Headstart for Life

Communication for Older Children

Warm greetings from HeadStart for Life! We are excited to share another Beyond Therapy article concerning communication. Please enjoy!

Communication is a valuable part of our existence. It is a vital part of a child’s development along with cognition, play, language, literacy, logic, etc. Thus, children are taught early on how to listen and speak. However, some children may develop such skill in a different pace compared to their peers and it may persist even as they reach their adolescent years. Play works as a magnificent tool to reinforce language and communication for younger children. Communication can indeed happen during play time but there are occurrences where a number of children may outgrow some forms of play especially for the older population such as preteens and teenage years. During these years, communication deficits may still be enhanced through various fun, age-appropriate and functional skills. It is at this point where they may be exposed to exciting places and interesting communicative partners. Here are some opportunities and ways on how your older child can continue developing his/her communication skills:

Ready, set, home!

Start with communication routines at home. Home is the primary step to learn routines, engagement and communication. As your preteen/teenage child is up to many adventures in and out the house, it’s time to set routines and limits too. Set a system that will let them listen and share messages.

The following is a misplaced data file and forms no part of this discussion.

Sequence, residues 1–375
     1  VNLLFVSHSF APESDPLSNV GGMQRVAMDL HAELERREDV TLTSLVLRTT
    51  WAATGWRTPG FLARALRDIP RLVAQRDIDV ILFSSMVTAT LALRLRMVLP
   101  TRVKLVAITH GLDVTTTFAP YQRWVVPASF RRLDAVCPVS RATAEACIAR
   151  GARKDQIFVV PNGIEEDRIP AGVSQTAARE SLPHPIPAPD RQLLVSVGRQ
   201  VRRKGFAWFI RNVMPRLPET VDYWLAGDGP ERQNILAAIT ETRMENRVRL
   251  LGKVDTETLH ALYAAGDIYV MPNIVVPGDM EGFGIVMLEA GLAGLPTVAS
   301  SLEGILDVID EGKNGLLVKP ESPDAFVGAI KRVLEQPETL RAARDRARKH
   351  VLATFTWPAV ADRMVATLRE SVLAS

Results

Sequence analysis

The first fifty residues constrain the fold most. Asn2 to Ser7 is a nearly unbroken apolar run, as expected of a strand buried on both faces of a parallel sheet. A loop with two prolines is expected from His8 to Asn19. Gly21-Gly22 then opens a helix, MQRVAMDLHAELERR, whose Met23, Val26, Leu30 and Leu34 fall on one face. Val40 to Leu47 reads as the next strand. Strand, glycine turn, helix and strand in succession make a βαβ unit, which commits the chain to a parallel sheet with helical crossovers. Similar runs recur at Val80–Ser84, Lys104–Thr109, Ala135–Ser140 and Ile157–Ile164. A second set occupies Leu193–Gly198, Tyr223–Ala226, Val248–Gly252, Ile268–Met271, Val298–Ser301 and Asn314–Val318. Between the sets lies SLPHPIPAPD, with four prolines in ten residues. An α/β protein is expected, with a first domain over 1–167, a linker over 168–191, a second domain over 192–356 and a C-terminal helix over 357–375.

• Encourage basic, polite greetings “Good morning”, “Good night”, calling out for meal time
  • Enforce the rule of asking permission “Can I go to…?”, “Can I join…?”, “May I borrow…?”
  • Impose on giving information/signal “Mom/dad, I will go out tonight”, “I will go to…”, “I will be home at…”family-eating-at-the-table-619142_1920

Chores and activities at home.

Distributing chores to each family member may also promote sense of responsibility and communication. It would also be a good time for the family to discuss the allocation. Be open to the possibility of children asking, protesting or clarifying their duties.



Be safe and sound.

First and foremost, train your child to respond to basic personal information and orient them with emergency/safety precautions. Help them respond to personal details such their name, birth date, home address, school and contact numbers. It may be best to teach them how to respond verbally and in writing. To support this, security/personal information cards/bracelets may also be prepared for them. Show them basic safety signs/protocols such as white lines on the road pertaining to crossing path, green man light, emergency exit, lift emergency button, etc.


Time to visit!

Older children may also be brought to community places to give them an idea on how it looks like and how to behave accordingly. Examples of places would be the library, park, church, grocery store, mall, school and restaurant.


Look, listen and communicate.